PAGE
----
This continues the letter dated Monday 8th February 1965, which began…
Monday 15th February 65
Colin received a parcel from home today and to his delight (and my envy) it contained a C&A shirt – check, and with rounded collar and Bri Nylon, like the sort I tried to get before I left (and exactly like Dad’s). It appears they now have plenty, and I would be most grateful if you could get one for me.
You will never believe how useful these have been, but for some reason this particular type is far better than the others. So, if you could get me one and send it over I would be very appreciative. With the central heating we can wash these in the evening and they are dry by morning. So, another would be most welcome.
Talking of parcels, to date I haven’t had the socks which are supposed to be en-route. Still, I can last out for a while with the holey ones I have.
It has turned very cold again and we have had a lot more snow, which made the roads pretty bad this morning.
Yesterday we went ice skating in Central Park. There is an open air ice rink there, but when we arrived they had run out of our size skates, so we couldn’t skate. Instead we went around the zoo which is also in the park. It is free and quite good too.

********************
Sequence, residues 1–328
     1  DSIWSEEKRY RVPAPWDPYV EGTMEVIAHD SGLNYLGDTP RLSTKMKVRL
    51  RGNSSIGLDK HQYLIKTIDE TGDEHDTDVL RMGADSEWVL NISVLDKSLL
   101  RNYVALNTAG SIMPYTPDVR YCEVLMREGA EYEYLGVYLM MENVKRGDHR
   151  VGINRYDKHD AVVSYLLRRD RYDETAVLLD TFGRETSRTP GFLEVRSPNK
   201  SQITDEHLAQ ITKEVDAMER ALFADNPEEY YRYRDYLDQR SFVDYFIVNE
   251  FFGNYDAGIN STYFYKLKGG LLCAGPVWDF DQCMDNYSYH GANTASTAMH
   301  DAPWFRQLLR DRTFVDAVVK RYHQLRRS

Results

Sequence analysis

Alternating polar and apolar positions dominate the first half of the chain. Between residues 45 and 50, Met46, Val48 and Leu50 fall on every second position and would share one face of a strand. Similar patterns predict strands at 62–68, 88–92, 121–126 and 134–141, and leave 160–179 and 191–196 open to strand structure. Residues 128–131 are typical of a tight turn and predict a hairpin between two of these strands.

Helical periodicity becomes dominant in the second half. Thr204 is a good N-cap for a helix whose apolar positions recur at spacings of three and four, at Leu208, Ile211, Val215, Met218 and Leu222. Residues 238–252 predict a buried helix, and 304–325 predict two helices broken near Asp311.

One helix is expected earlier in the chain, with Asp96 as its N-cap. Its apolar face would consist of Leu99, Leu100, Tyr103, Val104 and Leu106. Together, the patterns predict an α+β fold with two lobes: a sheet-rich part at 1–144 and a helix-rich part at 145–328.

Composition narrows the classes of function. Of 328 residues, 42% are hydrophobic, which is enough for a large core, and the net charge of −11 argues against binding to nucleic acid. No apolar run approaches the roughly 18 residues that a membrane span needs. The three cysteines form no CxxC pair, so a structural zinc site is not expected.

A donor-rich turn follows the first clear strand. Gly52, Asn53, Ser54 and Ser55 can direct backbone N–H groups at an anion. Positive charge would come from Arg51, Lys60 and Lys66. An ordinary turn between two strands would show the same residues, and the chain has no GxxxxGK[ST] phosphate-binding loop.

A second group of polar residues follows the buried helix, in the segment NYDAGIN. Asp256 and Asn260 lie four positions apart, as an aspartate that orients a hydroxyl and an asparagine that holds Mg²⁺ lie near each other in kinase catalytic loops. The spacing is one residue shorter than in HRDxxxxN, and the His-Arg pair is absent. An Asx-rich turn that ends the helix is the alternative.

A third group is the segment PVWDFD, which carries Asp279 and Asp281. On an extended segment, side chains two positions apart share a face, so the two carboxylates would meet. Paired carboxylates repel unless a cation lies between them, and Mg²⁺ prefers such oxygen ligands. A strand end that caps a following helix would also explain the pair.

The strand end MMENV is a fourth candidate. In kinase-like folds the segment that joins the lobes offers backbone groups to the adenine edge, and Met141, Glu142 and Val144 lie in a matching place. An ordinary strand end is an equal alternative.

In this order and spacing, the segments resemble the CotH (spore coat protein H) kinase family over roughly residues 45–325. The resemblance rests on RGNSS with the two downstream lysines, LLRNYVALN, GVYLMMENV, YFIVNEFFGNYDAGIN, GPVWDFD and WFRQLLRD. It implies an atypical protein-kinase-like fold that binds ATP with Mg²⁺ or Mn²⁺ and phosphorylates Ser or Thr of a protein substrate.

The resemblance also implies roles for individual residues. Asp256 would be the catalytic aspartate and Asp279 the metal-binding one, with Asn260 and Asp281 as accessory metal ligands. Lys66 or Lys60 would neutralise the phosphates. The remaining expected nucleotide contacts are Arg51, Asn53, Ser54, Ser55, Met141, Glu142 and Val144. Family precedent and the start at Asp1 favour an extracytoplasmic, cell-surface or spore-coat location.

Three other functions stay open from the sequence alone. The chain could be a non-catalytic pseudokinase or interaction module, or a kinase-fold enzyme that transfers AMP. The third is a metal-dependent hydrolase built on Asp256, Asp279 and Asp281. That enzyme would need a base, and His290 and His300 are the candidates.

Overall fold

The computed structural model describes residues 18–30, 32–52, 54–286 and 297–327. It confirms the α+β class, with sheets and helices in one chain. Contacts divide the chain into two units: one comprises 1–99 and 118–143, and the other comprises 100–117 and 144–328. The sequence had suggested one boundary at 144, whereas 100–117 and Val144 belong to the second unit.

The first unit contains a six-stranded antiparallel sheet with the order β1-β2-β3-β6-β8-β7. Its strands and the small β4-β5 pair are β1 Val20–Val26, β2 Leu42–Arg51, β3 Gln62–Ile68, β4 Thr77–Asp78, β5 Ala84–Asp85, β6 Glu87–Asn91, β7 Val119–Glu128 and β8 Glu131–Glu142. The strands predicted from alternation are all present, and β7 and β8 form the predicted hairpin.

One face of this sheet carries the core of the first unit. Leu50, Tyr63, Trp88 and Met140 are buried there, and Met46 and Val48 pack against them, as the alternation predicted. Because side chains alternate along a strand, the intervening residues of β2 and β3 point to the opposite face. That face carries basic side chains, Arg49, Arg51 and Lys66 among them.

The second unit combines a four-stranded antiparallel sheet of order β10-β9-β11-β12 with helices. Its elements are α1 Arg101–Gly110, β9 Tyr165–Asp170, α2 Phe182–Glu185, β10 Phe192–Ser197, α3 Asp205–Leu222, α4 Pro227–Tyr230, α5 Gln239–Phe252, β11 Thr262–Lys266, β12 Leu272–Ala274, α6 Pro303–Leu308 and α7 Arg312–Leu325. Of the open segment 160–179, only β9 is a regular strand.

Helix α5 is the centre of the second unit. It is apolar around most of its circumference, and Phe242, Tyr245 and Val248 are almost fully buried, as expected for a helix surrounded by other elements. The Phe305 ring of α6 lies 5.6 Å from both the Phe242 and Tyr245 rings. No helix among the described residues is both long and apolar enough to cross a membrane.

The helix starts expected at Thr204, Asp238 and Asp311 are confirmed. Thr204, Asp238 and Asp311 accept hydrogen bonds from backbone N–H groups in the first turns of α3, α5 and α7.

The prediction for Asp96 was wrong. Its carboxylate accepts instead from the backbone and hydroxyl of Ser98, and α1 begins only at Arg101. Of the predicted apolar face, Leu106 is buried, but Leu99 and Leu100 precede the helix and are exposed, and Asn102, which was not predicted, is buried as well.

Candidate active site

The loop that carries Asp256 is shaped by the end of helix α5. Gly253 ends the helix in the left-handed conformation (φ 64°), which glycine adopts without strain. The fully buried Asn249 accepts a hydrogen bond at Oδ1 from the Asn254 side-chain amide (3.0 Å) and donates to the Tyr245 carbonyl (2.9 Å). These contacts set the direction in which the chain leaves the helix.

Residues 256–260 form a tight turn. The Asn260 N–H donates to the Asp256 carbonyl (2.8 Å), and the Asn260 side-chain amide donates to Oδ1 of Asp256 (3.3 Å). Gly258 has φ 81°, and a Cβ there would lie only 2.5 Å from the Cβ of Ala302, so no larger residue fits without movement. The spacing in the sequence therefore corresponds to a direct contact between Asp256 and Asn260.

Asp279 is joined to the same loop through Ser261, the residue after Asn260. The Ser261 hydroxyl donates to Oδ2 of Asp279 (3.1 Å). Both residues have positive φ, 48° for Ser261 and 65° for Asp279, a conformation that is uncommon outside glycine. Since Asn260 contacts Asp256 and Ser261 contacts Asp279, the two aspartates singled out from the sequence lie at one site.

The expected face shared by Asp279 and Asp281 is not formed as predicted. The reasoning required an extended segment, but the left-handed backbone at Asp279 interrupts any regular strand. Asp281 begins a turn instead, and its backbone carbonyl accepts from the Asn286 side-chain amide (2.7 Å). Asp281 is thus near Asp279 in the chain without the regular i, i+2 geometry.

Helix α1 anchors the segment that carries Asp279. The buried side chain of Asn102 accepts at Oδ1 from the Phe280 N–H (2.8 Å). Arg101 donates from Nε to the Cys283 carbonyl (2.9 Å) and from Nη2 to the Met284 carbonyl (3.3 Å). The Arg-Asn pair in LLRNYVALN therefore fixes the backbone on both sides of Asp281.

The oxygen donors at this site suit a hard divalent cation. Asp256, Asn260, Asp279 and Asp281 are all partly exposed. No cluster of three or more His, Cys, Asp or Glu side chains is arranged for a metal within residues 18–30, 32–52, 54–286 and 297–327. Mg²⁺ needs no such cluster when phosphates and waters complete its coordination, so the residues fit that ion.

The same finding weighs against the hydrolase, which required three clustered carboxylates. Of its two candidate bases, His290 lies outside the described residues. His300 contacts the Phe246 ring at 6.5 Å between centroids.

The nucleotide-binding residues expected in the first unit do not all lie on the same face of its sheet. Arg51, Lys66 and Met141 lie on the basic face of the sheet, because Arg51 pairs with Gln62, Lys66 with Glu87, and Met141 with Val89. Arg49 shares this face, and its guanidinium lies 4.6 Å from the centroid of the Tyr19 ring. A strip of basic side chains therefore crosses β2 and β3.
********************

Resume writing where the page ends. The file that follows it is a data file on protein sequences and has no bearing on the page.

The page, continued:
I am enclosing a leaflet of a typical motel where we stay – this is just an average one. We have been in better and worse. These motels will be great in the summer, as they all have pools, which will be very nice indeed.
Well I can’t think of much else to say at the moment so I will end now. Look after yourselves.
All my love.
PS: Can Dad tell us the cost of the ‘M’ motorways per mile? The superhighways here cost 1 million dollars per mile, and I say ours cost as much but Colin says they don’t. Could you let us know the cost, Dad?
Again, not the most exciting of Tony’s letters, but the next one is the mafia letter! 😀
And we must pause for a small tribute to the cheesy wonders of 1960s/1970s Bri Nylon. I even considered calling this blog the Bri Nylon adventurers! Then I realised most younger people have never even heard of the material. Back then, it was heralded as an amazing scientific breakthrough – the very height of modern clothing. But although it brought great advantages to young go-getters, there were also definite downsides!
If you’re curious to find out more about this wonder fabric, I’ve found this great potted history entitled ‘the story of Bri Nylon and the tragic story of nylon’s inventor.’
And for some utterly bonkers advertising, this film ‘Everything But Everything In BRI Nylon‘ shows a groovy young jet-set whose entire wardrobe and home furnishings are made of Bri Nylon. They must have been a permanent lightning storm! Well worth a nosy for sheer entertainment value. 🙂